Looks like the framers left their bracing in place instead of removing it. No noticeable sag in the roof, most of the braces aren’t under load. House is 15 years old in the Detroit Metro area so moderate snow load. Just want a double check that I am not missing something.
Serving all of Metro Detroit
Certainly plan on using the “appears to be” phrasing, but since this inspection is for a couple that I know and who are more recent immigrants from China I want to make sure there aren’t any issues I’m not seeing right off.
Those braces are OK and each is specific. It looks kinda complicated because of changing conditions.
This is going to take me a few minutes so bear with me. It’s like this…
Anywere you see braces supporting a strongback that cuts the span of the rafters, that’s part of the purlin system. Those purlin braces must not rest on ceiling joists. It looks like they don’t, so that’s cool. In the middle picture you can see purlin braces installed on the left side. They’re not really installed correctly, but they’re better than nothing. Checkout the InterNACHI Mastering Roof Inspection series if you want to see how purlin bracing systems should be properly installed.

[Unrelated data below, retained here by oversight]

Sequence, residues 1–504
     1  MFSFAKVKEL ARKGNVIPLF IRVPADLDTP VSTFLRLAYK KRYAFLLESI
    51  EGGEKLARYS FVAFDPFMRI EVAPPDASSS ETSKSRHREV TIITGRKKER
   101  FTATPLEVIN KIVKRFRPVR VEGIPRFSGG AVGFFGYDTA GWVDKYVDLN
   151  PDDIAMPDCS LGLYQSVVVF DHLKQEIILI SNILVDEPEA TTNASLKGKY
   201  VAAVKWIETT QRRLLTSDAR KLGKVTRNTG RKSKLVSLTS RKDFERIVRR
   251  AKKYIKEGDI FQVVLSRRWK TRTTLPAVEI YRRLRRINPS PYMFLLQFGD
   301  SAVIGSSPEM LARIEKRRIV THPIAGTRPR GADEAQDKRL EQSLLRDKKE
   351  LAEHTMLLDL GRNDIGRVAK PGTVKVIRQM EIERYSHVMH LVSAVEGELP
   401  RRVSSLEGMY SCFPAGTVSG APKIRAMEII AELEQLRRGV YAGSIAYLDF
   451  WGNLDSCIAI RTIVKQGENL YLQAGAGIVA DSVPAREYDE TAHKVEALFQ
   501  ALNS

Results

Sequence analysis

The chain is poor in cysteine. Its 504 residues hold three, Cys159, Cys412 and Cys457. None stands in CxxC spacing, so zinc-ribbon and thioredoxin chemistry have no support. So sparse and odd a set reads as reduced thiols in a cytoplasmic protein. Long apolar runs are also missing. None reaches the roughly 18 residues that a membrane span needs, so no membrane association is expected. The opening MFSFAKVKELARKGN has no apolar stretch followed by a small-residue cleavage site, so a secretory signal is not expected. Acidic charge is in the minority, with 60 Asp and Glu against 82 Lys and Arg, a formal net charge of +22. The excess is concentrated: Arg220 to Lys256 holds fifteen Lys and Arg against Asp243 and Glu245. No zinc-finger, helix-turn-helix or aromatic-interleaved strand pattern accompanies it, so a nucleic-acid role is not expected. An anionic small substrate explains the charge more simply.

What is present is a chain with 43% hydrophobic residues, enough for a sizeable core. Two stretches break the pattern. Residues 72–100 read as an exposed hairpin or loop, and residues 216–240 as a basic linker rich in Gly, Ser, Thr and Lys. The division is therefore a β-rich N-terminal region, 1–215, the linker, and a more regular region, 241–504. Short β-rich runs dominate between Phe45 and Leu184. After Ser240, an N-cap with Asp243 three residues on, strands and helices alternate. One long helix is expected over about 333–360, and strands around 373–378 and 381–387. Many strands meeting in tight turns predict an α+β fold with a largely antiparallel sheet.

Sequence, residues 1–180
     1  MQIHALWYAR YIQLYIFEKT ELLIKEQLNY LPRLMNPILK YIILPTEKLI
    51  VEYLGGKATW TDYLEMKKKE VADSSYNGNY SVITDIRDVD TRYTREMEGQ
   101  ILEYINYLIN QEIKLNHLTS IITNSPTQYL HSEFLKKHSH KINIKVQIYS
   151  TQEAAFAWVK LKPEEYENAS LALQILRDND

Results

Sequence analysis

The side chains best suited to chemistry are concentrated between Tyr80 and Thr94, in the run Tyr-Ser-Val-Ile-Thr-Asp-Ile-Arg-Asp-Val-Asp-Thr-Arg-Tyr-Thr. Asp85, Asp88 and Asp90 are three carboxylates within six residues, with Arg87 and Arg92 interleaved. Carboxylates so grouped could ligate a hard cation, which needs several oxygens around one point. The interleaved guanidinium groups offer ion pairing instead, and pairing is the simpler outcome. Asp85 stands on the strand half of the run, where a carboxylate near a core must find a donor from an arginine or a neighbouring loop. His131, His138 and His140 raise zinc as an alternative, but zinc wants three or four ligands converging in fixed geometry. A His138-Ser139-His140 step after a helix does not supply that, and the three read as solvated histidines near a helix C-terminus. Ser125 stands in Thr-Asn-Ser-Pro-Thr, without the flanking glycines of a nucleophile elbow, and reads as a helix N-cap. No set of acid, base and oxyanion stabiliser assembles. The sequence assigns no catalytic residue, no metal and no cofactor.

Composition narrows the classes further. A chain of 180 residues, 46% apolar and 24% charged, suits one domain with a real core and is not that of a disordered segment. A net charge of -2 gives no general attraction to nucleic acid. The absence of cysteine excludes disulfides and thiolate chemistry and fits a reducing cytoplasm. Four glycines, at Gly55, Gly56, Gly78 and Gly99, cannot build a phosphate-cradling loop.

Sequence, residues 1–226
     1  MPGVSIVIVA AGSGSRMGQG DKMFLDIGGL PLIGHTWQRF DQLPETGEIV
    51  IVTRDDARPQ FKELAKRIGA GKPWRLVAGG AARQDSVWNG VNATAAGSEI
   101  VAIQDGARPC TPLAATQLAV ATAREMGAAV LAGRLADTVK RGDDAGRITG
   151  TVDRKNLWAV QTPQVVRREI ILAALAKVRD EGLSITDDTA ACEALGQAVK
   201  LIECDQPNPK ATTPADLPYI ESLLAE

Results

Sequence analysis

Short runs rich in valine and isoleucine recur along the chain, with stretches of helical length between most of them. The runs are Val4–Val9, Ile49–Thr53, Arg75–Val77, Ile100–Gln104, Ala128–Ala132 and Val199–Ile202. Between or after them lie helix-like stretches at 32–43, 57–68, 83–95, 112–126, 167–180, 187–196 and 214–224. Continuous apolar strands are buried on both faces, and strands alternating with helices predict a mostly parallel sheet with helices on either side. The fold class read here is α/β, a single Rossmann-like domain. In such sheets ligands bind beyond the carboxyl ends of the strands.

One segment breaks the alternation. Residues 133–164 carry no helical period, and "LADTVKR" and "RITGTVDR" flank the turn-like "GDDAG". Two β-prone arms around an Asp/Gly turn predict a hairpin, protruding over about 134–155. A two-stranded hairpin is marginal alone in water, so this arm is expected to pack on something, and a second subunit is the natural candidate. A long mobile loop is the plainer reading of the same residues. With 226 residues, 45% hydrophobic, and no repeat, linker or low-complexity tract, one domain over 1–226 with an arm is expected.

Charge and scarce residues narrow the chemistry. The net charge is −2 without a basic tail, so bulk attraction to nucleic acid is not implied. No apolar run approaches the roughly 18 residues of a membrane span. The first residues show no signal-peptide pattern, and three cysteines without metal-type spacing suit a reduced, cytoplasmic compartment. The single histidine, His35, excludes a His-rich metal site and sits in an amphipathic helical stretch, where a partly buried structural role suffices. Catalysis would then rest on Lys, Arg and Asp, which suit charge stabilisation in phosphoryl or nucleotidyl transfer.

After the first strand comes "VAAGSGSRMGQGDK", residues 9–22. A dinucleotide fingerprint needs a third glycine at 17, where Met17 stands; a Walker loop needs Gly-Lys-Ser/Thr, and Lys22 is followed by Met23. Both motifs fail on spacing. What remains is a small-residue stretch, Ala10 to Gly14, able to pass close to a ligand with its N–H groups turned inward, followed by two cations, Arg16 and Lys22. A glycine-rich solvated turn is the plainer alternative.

Also in the middle picture you’ll see two long braces. The one on the right appears to be supporting a hip rafter, but you can’t really tell for sure… also can’t tell what the long brace on the left is supporting, although you can see in photo 1 that there’s a long brace supporting a hip rafter.
Basically, in a purlin system the brace should rest on a bearing wall at the bottom and be nailed to a rafter at the top. The strongback should be forced up against the bottoms of the rafters and then nailed to the braces. Lastly, a block should be nailed to the brace after being pushed up tight against the bottom of the strongback.
Really it’s compicated to explain and the illustrations in the InterNACHi Mastering Roof Inspection Series make it pretty simple. Google it.